WHY is this Sunday traditionally called Septuagesima? The word means seventy. According to the First Council of Orleans, in the year A.D. 545, many pious ecclesiastics and lay persons of the primitive Church used to fast seventy days before Easter, and their fast was called, therefore, Septuagesima, a name which was afterwards retained to distinguish this Sunday from others. The same was the case with the three following Sundays; many Christians beginning their fast sixty days before Easter, whence the name Sexagesima; others fifty days, whence Quinquagesima; others forty days, whence Quadragesima.
Why did the first Christians fast seventy days? Alcuin and Amakrius say that the captivity of the Jews in Babylon first suggested it; for as the Jews were obliged to do penance seventy years, that they might thereby merit to return into the promised land, so Christians sought to regain the grace of God by fasting for seventy days.
Why does the Church, from this Sunday until Easter, omit all joyful chants, as the Te Deum, Alleluia, Gloria in Excelsis? To remind the sinner of the grievousness of his errors, and to exhort him to penance. To incite us to sorrow for our sins, and to show us the necessity of repentance, the Church at the Introit in the name of all nations unites her prayers with David, saying, “The sorrows of death surrounded me, the sorrows of hell encompassed me, and in my affliction I called upon the Lord, and He heard my voice from His holy temple. I will love Thee! O Lord, my strength; the Lord is my firmament, my refuge, and my deliverer.”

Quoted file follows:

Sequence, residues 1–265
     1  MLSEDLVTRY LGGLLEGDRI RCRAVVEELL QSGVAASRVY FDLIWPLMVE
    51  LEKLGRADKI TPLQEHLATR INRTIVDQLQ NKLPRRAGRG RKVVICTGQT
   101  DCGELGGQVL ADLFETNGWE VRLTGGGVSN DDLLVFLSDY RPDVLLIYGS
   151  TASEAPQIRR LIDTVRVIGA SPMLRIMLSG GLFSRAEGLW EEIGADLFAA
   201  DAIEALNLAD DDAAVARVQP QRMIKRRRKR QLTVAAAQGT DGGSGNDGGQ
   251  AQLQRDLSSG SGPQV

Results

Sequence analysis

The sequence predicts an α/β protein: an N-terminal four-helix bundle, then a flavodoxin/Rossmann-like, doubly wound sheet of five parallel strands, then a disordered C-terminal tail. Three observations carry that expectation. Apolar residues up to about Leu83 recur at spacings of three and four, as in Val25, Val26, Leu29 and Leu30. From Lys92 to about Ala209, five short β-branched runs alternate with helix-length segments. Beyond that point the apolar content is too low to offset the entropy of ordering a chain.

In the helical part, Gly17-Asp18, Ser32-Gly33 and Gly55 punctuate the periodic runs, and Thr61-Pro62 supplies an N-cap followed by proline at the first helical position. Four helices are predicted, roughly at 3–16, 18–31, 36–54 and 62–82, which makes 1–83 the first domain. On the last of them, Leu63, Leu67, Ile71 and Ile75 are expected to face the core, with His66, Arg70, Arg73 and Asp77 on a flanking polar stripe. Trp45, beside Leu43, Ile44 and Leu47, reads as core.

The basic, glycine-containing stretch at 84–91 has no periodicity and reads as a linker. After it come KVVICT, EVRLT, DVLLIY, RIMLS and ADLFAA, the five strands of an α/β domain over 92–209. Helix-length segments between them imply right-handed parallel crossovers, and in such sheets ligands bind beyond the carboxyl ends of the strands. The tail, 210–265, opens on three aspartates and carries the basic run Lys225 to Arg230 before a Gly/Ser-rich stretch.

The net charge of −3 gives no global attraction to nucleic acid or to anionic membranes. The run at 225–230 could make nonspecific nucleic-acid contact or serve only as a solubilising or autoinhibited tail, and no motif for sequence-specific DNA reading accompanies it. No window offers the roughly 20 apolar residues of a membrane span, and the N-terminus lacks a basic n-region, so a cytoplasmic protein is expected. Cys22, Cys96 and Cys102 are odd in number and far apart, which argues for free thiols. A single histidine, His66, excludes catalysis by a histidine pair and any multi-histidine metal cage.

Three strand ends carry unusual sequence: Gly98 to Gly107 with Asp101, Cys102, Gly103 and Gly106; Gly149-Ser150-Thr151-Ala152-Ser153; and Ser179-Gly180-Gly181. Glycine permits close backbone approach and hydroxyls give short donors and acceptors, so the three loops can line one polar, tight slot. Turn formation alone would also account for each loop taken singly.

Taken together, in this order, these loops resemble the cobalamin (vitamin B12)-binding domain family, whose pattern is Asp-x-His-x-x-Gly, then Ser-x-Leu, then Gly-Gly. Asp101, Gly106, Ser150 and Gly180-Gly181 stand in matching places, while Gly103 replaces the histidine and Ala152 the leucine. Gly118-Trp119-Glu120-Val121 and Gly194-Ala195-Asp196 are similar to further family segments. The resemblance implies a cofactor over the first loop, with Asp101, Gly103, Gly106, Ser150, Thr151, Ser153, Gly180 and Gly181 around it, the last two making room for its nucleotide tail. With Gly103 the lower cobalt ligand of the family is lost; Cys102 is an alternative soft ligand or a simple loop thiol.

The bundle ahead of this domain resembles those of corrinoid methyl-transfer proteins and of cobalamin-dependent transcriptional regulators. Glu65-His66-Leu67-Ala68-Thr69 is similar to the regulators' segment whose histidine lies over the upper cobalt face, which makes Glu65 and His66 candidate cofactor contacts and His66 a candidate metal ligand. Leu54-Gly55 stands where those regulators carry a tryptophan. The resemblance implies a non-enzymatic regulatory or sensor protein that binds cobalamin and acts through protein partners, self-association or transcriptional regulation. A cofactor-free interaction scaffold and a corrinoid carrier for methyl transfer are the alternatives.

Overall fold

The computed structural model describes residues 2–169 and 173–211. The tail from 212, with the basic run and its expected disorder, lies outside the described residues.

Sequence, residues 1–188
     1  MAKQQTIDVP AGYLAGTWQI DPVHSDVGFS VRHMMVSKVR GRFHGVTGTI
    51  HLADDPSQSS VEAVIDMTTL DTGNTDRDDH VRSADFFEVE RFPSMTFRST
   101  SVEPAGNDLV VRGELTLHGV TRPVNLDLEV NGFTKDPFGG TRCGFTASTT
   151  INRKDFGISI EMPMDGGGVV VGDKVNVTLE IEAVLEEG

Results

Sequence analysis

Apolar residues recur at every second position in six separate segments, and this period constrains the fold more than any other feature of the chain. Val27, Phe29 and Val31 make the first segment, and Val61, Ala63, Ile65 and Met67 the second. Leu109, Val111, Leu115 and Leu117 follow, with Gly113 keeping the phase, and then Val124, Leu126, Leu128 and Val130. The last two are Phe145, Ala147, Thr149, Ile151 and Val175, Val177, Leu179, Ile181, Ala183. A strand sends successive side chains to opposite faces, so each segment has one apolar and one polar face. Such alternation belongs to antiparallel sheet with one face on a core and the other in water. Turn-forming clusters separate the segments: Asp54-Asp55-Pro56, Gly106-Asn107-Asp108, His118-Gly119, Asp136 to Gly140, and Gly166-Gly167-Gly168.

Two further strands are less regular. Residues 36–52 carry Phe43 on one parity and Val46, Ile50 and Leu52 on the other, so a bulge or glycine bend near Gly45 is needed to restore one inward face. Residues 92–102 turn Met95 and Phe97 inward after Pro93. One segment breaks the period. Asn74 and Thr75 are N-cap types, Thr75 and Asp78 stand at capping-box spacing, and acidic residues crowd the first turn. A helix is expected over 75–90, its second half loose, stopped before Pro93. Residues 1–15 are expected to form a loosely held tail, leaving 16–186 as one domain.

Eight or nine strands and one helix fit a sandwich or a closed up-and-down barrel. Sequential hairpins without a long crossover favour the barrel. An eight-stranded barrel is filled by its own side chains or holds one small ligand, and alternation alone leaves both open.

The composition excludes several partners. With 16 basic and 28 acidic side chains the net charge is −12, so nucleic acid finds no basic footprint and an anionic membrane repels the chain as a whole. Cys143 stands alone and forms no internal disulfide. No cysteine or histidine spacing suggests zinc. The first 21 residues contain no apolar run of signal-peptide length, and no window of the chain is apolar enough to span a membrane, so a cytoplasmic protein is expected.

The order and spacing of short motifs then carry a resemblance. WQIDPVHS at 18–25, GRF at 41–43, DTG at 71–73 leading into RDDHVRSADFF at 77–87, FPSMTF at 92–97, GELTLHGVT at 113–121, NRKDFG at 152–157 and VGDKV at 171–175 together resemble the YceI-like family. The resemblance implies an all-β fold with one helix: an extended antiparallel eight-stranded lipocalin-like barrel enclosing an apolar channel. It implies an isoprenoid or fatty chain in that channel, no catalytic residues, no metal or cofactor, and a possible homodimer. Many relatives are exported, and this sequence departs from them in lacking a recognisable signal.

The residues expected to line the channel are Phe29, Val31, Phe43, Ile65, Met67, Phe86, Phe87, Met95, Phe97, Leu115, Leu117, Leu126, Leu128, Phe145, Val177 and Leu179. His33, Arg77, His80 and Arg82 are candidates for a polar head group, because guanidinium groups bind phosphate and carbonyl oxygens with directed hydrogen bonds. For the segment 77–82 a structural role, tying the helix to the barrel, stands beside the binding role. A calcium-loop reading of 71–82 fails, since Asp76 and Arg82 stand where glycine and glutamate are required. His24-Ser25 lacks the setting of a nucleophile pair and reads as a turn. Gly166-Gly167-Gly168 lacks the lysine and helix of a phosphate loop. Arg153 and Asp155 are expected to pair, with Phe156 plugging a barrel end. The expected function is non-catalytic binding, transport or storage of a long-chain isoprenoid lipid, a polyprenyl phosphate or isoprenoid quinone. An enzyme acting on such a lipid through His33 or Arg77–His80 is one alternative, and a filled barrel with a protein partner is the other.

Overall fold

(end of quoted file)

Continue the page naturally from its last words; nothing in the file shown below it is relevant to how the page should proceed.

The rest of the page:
In 1913 the renowned Harry Emerich Fosdick wrote a 12 week study on the Manhood of Jesus Christ. Fosdick writes, “This work is not a portrait of the life of the Master or a study of his teaching. It is an endeavor to understand and appreciate the quality of his character. Neither, this this work an attempted to contribution to the theology; it is an endeavor, rather, to get back behind the thoughts of the centuries about him, and to see the Man Christ Jesus himself as he lives in the pages of the gospels. During the Lenten period we will utilize the work to come closer to Christ’s manhood using this source as fruit for a study of Christ. Hopefully our study will help us rise with Christ and become true sons of Mary and the Church.
· Please pray for me and this ministry
 On Loving God, Chap. VIII. St. Bernard of Clairvaux
Goffines Devout Instructions, 1896